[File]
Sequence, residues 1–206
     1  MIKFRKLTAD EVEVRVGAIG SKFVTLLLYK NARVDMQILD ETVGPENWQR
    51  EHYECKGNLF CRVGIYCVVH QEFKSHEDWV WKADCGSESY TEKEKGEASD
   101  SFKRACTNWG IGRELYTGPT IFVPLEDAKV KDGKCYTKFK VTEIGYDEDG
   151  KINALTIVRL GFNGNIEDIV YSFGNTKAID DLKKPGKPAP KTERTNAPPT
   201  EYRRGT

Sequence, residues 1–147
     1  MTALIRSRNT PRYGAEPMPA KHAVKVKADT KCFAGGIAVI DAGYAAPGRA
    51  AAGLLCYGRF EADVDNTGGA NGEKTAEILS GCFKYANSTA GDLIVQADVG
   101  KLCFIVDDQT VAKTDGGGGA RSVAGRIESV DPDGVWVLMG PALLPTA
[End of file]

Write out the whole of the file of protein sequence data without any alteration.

Sequence, residues 1–206
     1  MIKFRKLTAD EVEVRVGAIG SKFVTLLLYK NARVDMQILD ETVGPENWQR
    51  EHYECKGNLF CRVGIYCVVH QEFKSHEDWV WKADCGSESY TEKEKGEASD
   101  SFKRACTNWG IGRELYTGPT IFVPLEDAKV KDGKCYTKFK VTEIGYDEDG
   151  KINALTIVRL GFNGNIEDIV YSFGNTKAID DLKKPGKPAP KTERTNAPPT
   201  EYRRGT

Sequence, residues 1–147
     1  MTALIRSRNT PRYGAEPMPA KHAVKVKADT KCFAGGIAVI DAGYAAPGRA
    51  AAGLLCYGRF EADVDNTGGA NGEKTAEILS GCFKYANSTA GDLIVQADVG
   101  KLCFIVDDQT VAKTDGGGGA RSVAGRIESV DPDGVWVLMG PALLPTA